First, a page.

Karn Saroya, along with Natalie Gray, Anand Dhillon and Ben Aneesh, founded Cover as a mobile-first insurance broker. Users download an app, take photos of their possessions and send them to Cover, which helps get them insurance coverage. Cover works with 30 insurance carriers across the US and Canada, and has thus far raised $11 million in venture funding.
You’ve made some bold statements, such as “everything is broken in insurance” and “incumbents aren’t going to change fast enough.” Why are you thinking this way?
Four people working out of a house in San Francisco launched a camera-based app that auto-detects, catalogues and insures property in a handful of months. That’s not part of the DNA of an insurance company. I think people who run insurance companies are smart, but are burdened by legacy systems and bloated organizations that prioritize conservative business practices over innovation. A lot of what they do is replicate what’s been tried and tested on the Internet. They buy leads. They still delegate to their agent. They integrate with creaky software. When our customers come in through their mobile apps, they expect instant gratification. The folks in the industry are smart, but if they are going to survive, they have to become like technology companies.
Tell me about Cover’s genesis and how you saw an opportunity to disrupt the broker end of the insurance industry.
We’re second-time entrepreneurs. Our first venture was (fashion recommendation app) Stylekick. That led to Shopify acquiring us as a team. After that, we moved from Toronto to San Francisco and went to (accelerator) Y-Combinator. We are one of a few teams that have built a consumer product to scale and understand insurance. We went up to Muskok, outside of Toronto. We built simple app. Lo and behold, we had people use it to take selfies for insurance purposes. We didn’t know what to expect. We launched it. We saw a ton of interesting things (that they photographed). Drones. Farm animals. That was us building a simple product.
(At the same time), another thing happened. I walked into an insurance office in downtown Toronto. How could a broker afford all that space in this city? These brokerage owners are sitting pretty, printing cash.
Cover makes use of computer vision. How was Cover able to make that technological leap?
We only build things that we have an indication that people will use. People walking around home taking pictures of themselves, like them washing their cars, showed they had pride of ownership. There is a vast community of people working on computer vision.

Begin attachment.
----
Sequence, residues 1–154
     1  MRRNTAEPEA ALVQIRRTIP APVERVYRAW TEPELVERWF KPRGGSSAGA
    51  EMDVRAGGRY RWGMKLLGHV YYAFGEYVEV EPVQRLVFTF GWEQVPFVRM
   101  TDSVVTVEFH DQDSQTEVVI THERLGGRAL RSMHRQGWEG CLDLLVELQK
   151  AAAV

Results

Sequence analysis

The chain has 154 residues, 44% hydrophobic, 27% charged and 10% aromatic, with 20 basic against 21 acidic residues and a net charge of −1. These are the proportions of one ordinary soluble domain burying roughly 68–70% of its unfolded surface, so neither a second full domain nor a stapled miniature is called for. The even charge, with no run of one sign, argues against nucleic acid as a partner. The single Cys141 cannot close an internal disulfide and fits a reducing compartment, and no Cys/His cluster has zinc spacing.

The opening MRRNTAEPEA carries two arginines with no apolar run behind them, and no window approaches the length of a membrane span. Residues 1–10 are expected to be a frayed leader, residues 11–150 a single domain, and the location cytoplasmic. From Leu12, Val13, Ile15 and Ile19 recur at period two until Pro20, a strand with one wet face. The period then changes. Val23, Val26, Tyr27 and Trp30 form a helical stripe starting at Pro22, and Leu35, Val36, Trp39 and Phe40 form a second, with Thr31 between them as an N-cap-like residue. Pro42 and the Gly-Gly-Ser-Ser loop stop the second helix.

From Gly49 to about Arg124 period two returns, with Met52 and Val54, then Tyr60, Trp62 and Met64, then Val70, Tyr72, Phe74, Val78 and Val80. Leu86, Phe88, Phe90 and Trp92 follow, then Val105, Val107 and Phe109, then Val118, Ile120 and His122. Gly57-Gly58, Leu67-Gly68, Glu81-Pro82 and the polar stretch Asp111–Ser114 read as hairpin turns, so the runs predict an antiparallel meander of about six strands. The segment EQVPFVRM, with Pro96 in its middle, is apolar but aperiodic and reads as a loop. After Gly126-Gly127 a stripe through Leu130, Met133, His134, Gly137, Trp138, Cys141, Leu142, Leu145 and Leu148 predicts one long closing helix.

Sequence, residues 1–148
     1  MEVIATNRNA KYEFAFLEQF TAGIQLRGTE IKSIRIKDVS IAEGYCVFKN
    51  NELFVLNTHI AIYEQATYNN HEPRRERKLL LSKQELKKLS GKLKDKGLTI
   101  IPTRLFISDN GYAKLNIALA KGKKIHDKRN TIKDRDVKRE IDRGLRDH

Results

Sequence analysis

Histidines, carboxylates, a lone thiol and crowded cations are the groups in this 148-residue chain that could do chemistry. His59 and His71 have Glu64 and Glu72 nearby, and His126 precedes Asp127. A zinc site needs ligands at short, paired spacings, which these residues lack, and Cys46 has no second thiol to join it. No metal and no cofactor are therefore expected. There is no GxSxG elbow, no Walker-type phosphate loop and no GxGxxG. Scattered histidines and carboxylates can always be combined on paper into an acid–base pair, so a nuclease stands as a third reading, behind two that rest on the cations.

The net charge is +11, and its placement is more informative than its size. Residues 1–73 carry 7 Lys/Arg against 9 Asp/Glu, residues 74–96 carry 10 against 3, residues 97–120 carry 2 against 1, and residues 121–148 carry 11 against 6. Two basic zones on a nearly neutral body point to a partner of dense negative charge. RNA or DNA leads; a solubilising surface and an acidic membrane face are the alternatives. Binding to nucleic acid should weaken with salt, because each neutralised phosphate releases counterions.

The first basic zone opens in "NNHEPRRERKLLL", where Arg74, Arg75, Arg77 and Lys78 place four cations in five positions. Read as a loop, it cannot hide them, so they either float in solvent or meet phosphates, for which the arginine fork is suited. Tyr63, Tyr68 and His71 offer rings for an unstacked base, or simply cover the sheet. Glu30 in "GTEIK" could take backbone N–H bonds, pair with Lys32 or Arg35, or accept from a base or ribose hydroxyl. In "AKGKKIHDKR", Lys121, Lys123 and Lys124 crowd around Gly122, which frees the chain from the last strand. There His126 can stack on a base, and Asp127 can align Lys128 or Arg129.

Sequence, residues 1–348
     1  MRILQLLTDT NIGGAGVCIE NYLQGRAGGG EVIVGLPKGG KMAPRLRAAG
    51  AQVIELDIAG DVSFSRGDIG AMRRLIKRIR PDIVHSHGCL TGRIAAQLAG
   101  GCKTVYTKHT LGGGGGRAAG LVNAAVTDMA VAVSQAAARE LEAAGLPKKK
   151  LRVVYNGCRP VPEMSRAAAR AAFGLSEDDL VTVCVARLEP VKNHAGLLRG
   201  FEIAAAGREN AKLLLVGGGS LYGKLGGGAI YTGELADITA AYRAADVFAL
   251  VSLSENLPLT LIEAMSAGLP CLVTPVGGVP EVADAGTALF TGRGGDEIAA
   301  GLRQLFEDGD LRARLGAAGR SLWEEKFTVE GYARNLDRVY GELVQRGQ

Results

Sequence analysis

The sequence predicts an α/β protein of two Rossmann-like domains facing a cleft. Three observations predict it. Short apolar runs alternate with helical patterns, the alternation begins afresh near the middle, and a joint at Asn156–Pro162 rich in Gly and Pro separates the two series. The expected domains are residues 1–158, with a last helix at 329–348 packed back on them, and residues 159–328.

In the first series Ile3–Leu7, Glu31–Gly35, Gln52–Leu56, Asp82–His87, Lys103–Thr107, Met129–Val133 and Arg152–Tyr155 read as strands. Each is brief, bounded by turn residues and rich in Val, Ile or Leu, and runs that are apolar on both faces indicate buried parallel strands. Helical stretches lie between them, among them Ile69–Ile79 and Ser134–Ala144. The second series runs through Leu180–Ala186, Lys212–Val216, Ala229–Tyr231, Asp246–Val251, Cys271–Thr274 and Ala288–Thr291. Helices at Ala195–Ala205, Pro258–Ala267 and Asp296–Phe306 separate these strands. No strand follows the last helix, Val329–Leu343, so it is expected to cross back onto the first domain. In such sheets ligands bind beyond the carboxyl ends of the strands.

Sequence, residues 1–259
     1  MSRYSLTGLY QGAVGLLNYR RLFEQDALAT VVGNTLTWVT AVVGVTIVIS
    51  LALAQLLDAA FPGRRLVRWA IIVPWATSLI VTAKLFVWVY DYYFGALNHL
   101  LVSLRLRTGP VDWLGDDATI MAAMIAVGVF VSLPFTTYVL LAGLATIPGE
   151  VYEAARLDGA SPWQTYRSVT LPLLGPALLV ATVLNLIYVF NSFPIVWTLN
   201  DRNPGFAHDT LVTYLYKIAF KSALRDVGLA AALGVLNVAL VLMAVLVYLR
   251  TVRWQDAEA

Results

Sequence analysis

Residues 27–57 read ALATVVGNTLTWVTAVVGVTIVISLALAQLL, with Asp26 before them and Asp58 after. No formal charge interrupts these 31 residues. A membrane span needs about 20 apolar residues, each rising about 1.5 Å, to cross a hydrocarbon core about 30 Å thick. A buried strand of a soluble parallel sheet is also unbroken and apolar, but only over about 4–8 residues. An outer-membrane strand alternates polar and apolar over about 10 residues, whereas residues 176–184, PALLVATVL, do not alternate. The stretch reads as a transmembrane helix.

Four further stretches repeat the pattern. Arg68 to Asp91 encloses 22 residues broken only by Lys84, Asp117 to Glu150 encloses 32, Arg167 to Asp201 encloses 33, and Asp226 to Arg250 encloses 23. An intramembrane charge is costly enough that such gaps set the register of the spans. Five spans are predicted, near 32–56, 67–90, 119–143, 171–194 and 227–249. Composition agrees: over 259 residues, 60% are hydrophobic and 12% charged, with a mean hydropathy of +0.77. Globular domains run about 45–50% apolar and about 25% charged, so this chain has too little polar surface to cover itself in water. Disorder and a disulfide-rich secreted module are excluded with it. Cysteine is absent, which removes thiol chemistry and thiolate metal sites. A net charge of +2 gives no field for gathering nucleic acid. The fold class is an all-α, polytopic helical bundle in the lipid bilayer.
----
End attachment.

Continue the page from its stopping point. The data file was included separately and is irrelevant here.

What do you think the future is for computer vision, and what challenges do you still think need to be surmounted?
I think these are tools that will improve in leaps and bounds in the next few years. Apple is working on it. Google has computer vision. It’s going to change the way people use the phone, period. It’s just an intuitive way to get (insurance) coverage. It makes sense, from an underwriting point of view. You should be able to just point your camera at something. It’s not going away. It’s going to get way better.
Explain your business model. You started as a lead generation business and evolved. How did that happen?
We make money in two ways. One, we sell insurance. And two, we manage it. We don’t do anything with health coverage. But we do sell life and other insurance. We’ll sell auto insurance. We cover jewelry, electronics. Property, in general. So when we sell policy, we earn a 10% to 18% commission in perpetuity based on the value of the policy. Average age of our customer is 28 years old. They tend to have college degrees, good credit scores. They have an agent they don’t know. So they appoint us as broker of record. It’s very much an advisory model.
You’ve said that, in the future, the industry will be about services plus insurance. Please elaborate on that.
We sell a commoditized product. It’s more or less the same thing. So the way to differentiate is through customer service. For us, that means offering something like roadside assistance (when selling auto insurance) for free across the U.S, 24/7 assistance, or on-staff mechanics. Or, if God forbid, your house is burning down. You don’t have to pull together receipts. In this case, computer vision is beautiful. It’s a record of everything. For the customer, there’s incrementally more utility using your platform than others.
Do you think the pace of change in the industry will increase, decrease or stay the same?
Given the amount of money flowing into insurtech, the ones that will win will be in the distribution end. How do you make your customer happy? What’s the true value of insurance? I think people who win will be there. I don’t think this is a winner-take-all.
Who do you think are other companies and disrupters to watch in the insurtech space?
Mobile is the future. There really isn’t anyone absolutely killing it. It’s not whether someone can offer a super cheap renters policy, because that’s pricing innovation, not technological innovation.
Regulations can retard the process, can’t it?
We’re licensed state by state. As you become a risk-bearing entity, I think the level of regulation spikes dramatically. The regulators are there to, one, make sure the insurer doesn’t discriminate, and second, to make sure the prices you charge are adequate for risk on your books. That’s what they should do. The mechanisms they use to do it may be antiquated, however.
What’s next for Cover? There’s the Android app coming. Update us on that, and whatever else is in the pipeline.
We have a slew of tools we’re launching. There’s a whole bunch of third-party APIs we could hit. We think there’s a lot on the phone we can leverage. We’re starting to think about building APIs on top of our own products, so any technically sophisticated person, or platform, interested in selling insurance can do so.